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Is Colonoscopy the Best Colon Cancer Screening Test?

The medical arena, like society at large, is permeated with self-interest. This reality makes me very skeptical that comparative effectiveness research, which I support, will get airborne. In medicine, every heath care reform, new medicine, new medical device or revised medical guideline is at some constituency’s expense.  Recognizing and dismantling conflicts of interests is one of our greatest challenges and threats.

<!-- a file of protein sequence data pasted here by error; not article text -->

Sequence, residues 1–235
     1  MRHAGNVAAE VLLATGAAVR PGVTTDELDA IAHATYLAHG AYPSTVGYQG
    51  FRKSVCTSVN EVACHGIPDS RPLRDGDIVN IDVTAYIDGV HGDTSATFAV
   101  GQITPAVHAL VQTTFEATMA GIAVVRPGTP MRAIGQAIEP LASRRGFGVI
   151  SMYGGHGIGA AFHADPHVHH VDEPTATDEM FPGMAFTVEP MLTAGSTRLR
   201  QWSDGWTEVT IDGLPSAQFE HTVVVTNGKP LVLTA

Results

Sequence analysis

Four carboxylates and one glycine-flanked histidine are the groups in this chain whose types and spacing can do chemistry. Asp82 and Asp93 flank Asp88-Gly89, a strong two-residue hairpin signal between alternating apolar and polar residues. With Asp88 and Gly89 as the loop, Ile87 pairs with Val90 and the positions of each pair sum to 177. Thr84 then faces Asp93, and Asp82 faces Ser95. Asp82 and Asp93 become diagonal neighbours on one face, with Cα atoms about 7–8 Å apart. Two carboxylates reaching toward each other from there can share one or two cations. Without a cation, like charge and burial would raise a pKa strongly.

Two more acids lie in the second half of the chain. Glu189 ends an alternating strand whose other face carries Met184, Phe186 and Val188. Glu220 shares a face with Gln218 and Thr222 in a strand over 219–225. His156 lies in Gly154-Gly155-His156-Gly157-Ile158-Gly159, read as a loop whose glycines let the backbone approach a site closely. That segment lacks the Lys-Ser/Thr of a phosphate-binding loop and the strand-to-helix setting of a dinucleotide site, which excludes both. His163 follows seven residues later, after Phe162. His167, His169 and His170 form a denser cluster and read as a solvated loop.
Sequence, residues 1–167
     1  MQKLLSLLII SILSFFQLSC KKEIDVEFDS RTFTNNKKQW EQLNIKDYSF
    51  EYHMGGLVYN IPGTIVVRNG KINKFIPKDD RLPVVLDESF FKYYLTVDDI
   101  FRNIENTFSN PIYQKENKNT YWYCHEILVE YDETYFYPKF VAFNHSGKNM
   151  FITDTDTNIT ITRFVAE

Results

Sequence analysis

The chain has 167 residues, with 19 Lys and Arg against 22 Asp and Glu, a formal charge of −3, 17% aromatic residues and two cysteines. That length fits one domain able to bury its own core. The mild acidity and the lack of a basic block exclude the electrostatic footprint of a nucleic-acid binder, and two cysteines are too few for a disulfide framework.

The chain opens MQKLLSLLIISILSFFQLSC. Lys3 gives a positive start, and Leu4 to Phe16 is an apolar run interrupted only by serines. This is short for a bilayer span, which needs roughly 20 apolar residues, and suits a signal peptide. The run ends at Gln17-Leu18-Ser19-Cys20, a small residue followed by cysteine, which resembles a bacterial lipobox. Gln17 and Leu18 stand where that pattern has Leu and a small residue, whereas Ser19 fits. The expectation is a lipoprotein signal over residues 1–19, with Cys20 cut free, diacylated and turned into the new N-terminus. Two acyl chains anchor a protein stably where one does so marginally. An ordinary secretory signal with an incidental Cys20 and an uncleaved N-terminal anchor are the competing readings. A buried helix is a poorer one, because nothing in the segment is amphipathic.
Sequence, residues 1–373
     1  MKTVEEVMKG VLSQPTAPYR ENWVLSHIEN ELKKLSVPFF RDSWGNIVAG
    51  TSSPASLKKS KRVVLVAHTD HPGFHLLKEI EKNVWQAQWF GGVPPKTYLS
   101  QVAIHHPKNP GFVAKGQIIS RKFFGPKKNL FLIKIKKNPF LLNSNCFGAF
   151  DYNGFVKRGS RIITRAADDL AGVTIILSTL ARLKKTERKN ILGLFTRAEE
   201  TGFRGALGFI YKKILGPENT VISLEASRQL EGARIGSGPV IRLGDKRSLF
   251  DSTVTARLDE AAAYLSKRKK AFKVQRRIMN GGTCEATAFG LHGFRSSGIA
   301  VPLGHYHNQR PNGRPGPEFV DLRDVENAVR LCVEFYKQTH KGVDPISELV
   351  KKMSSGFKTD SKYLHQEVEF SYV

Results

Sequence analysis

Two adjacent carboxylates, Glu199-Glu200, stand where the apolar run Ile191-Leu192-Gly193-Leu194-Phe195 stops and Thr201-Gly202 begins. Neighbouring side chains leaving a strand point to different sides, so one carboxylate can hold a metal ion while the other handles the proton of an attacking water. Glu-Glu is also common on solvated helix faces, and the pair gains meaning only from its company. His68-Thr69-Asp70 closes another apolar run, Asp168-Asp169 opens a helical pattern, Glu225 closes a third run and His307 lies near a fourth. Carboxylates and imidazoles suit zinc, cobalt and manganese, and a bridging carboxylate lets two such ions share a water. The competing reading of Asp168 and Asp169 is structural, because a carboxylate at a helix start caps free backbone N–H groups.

When I was a gastroenterology fellow over 20 years, our department was active in new technologies to crush and dissolve gallstones and stones that had wandered from the gallbladder into the liver pipes. Millions of dollars of R & D were spent and the procedures were done in specialized centers in the U.S and abroad. The treatments were cumbersome and only modestly effective, but the treatments continued year after year. Then, laparoscopic cholecystectomy arrived, a new operation that could remove gallbladders with much less pain and recovery time. At that moment, the gallstone dissolving business dissolved. As endoscopic techniques improved, gastroenterologists could safely and easily remove stones from the liver pipes, which became the preferred method for accomplishing this objective.  These outcomes served the public good, but this is not always the case. .